Monday, October 29, 2012

Nein, es wahrheit.


The book is finished, locked. 700 pages, counting title page, table of contents, and index. For the coloring and picture book crowd, sorry, Bernie Wrightson wasn't available to do a graphic novel version of the prose, very sorry. There will be no photos. Unlike Bugliosi's Helter Skelter, this is the real deal, a real historical account, and therefore, a part of the primary record of the case. No, this is true crime writing done with honesty, rather than being written by some shady cop, compromised D.A., or some other banal, money grubbing piece of shit.

"What a ride!" Jeane once emailed me, from Chicago, at O'Hare Airport between flights. This was fucking depraved in the context of what we'd been saying back-and-forth and when I was certain she was out of her fucking mind and suicidal. No one will ever know what this woman has put me through, and yet, I still pity her and mourn her death, for she was human, and they, her prosecutors and the U.S. Courts let her die.

Let me make this clear: You do not know as much as you think you do about this horrible case, the one that left a woman hanging by the neck by her own hand. I will terminate any conversation and/or interview the moment I detect someone's assuming that some mythical government operatives murdered Deborah Jeane Palfrey, because not only is it not factually true, it's completely baseless. Not one individual with an asshole (what they see in the mirror every morning) and an opinion (that has no value) has presented any solid evidence that Jeane was murdered. Her longest running legal counselor during most of the proceedings, Montgomery Blair Sibley, doesn't believe this "She were suicided" theory either, at least last I checked. Blair had a great deal of direct contact with Jeane, and I think he knows very well that there were some telltale signs. Maybe we miss things, I don't know, but I didn't from the moment I spoke with Palfrey on the telephone, this was someone rocketing towards imminent death. The book will address all of this in extremely graphic detail. Expect to shocked. No one will ever be as shocked as I was when I looked at the entire case and my experiences being involved in it, working for more than a few months doing general research for Jeane, advising her occasionally, offering my opinion when she hit me with questions, very specific ones mind you, and you should feel lucky for that. This book drained me of the last vestiges of my youth, and a whole lot more, but it was worth it. For a brief moment, we all charged the castles, and I'm not fucking around when I write castles, because we have a system of them in the US. (And yes, we can thank the American South for a lot of this.)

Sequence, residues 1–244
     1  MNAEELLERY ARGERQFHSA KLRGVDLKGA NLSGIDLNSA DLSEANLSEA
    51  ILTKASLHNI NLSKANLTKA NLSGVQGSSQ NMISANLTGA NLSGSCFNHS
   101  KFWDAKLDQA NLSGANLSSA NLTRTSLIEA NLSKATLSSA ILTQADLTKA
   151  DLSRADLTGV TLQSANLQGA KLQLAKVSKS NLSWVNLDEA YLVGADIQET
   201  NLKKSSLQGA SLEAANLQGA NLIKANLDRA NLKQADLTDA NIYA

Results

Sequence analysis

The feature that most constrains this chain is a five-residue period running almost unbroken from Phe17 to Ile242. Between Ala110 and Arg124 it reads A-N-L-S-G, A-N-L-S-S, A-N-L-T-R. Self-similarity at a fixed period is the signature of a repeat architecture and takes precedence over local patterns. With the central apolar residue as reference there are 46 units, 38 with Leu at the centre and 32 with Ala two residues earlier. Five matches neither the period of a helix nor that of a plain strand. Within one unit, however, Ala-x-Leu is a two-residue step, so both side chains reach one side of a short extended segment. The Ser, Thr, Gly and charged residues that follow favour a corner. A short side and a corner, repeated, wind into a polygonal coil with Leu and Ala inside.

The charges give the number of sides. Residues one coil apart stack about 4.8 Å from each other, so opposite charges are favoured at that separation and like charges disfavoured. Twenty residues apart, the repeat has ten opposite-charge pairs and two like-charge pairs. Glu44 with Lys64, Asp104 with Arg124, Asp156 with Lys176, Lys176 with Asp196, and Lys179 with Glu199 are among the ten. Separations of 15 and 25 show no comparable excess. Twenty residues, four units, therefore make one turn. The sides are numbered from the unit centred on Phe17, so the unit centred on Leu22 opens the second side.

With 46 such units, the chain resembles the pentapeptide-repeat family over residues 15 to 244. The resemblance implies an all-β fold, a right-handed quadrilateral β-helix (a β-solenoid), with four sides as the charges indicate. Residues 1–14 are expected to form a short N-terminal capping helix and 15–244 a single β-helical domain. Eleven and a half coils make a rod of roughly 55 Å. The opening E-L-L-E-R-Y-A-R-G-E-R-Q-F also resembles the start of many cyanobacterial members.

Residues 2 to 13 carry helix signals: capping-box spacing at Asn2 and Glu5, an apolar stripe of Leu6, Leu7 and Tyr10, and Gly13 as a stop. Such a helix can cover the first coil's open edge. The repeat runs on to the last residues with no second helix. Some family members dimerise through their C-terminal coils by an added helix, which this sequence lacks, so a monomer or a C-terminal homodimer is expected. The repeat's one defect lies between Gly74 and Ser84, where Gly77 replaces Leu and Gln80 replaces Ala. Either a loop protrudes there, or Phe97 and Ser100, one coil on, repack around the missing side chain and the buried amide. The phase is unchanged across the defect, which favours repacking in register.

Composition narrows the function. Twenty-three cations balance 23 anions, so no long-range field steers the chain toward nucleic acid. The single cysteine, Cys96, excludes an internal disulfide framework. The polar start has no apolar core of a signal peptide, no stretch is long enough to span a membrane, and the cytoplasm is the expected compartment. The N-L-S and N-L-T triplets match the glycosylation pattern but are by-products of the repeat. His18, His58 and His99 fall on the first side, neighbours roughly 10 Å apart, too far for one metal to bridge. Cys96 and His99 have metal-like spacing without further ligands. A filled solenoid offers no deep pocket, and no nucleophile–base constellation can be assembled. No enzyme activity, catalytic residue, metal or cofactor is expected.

This book is bigger than me, and so are its themes. They're eternal ones. Until you confront power directly as I and others have, you just don't know the feeling of ecstasy it can bring, of liberation, a feeling of incredible elation that can only be called freedom. You have to liberate yourself, and we have to liberate each other. We still have a choice in America: Is going to be democracy, or tyranny? Jeane's case collided with the war on terror, she was in the thick of it, I am convinced. This wasn't merely a sex scandal, this was very big, bigger than you can possibly imagine. I can only hope that this account will stand as a document of the case and the era it took place in, a piece of the puzzle, part of a mosaic of our shared history, because this is a story that affects everyone directly, first in our pocketbooks. It's also a political testament. To have been part of a historical event was everything rolled into one. In the beginning, was the word.